More Children Born With Down Syndrome

By Kelli Grant
Published: December 15, 2009, 6:12 PM


A new report says that more children in the U.S. are being born with Down syndrome. And researchers say the overriding reason is more older women are having babies.


Fifteen-year-old Scotty Briggs is an 8th grader at Memorial Middle School. Science is one his favorite classes because he learns something new every day.


"He's in the classroom with the other kids and he has a schedule just like the other kids have and he just goes about his day," Scotty's mom, Julie Briggs, said.


She is thankful for that. It's a future she was scared to think about when he was born.


"I just didn't, didn't think of the possibility of having a child with Down syndrome at that time," Briggs said.


Briggs was 35 years old when Scotty was born. Because there's a strong association between Down syndrome and a woman's age, she went through testing early on in the pregnancy.


"I didn't have further testing because I wouldn't have done anything to you know affect the pregnancy," Briggs said.
"Sometimes the age 35 gets used as this magic cutoff when there's an increased risk but it really, it's a gradual risk. There's a risk at any age. There's a risk at 20, there's a risk at 30, there's a risk at 40," Sanford Genetic Counselor Quinn Stein said.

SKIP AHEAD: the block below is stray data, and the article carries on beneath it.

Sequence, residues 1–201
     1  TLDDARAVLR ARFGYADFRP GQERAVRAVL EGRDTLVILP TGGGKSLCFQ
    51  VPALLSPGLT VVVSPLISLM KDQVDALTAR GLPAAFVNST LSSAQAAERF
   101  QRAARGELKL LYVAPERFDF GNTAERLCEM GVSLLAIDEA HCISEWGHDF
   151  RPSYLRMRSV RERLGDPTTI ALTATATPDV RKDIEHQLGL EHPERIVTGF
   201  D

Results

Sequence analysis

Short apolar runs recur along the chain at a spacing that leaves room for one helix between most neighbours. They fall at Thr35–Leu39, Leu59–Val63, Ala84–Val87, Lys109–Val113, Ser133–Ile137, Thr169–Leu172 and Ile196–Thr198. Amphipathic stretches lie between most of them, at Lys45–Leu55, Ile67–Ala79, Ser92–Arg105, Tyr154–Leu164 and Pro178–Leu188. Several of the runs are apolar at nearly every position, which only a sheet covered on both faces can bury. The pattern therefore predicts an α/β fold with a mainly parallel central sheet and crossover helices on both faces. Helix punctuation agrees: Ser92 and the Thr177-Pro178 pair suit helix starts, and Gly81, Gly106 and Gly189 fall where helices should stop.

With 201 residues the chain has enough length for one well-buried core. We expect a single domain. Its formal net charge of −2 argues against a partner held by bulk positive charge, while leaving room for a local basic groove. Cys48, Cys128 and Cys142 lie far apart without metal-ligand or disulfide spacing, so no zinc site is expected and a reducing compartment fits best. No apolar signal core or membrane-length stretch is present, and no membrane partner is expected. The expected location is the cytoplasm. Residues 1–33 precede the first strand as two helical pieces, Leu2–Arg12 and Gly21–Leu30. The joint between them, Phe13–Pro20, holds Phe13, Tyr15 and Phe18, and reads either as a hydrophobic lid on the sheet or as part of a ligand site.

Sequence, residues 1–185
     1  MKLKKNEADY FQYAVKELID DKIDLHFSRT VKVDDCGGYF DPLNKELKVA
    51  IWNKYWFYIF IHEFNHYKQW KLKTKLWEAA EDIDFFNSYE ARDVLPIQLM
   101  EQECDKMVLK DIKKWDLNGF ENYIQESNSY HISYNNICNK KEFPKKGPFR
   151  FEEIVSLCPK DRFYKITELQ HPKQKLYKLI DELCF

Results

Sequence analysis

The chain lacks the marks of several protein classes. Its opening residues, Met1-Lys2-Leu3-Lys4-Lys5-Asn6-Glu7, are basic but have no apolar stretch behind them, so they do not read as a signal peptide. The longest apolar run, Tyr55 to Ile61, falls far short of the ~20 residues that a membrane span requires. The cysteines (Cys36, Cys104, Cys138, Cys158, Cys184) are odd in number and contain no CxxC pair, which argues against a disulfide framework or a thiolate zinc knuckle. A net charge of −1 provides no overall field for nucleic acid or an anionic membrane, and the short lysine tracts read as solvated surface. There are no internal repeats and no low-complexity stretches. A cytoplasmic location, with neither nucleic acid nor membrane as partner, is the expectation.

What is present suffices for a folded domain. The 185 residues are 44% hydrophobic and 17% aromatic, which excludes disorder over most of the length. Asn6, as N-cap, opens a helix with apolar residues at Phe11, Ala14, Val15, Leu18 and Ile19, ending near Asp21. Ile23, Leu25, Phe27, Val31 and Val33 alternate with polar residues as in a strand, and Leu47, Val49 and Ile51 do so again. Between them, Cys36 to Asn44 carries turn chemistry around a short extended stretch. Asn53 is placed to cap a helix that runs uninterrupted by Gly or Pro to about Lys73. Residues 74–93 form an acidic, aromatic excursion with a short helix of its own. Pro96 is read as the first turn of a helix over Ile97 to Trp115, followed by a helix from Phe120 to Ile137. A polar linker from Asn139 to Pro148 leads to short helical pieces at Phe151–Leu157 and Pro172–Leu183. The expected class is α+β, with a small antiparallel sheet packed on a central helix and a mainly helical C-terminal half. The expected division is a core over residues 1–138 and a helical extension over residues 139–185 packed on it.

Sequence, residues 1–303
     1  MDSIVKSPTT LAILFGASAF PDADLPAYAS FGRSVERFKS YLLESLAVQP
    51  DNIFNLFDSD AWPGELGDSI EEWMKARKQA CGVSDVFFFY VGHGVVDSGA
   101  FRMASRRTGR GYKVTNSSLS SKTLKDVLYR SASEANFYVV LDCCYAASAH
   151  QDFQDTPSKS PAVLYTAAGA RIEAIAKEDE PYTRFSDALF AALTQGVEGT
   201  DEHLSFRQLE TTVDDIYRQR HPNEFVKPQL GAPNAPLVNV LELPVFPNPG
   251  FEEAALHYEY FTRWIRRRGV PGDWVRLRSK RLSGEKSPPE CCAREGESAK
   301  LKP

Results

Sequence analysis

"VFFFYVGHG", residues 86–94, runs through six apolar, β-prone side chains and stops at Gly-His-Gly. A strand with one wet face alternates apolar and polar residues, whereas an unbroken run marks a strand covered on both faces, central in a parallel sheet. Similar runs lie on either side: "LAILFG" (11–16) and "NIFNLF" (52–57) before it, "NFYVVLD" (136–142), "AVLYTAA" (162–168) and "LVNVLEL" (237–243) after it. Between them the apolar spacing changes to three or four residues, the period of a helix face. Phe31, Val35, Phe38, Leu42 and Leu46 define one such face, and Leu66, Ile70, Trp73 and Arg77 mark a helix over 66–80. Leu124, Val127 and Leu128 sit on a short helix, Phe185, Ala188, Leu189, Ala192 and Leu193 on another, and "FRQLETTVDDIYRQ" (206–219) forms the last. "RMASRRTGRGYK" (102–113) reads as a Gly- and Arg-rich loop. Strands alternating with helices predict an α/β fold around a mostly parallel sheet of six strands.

Stein says while the numbers aren't dramatic, more children are being born with Down syndrome. In South Dakota, there are one or two more births a year and age is playing a part.


"A woman's born with all the eggs she will ever have and so each year a woman ages, so do the eggs she has," Stein said.


To conceive, a woman's egg has to divide its 46 chromosomes in half. That way, when combined with a man's sperm the baby has a total of 46. A child born with Down syndrome has an extra chromosome.


Fifteen years ago, Briggs made the decision to make sure her family kept growing. It's a decision she will never regret.


"Your challenges are different than they are with a typical child. There's no question about that. But it's just truly a blessing," Briggs said.


Expecting mothers can go through a number of screenings to find out if their child could be born with Down syndrome. To learn more about those, you can check out resources about first trimester screen or amniocentesis online.


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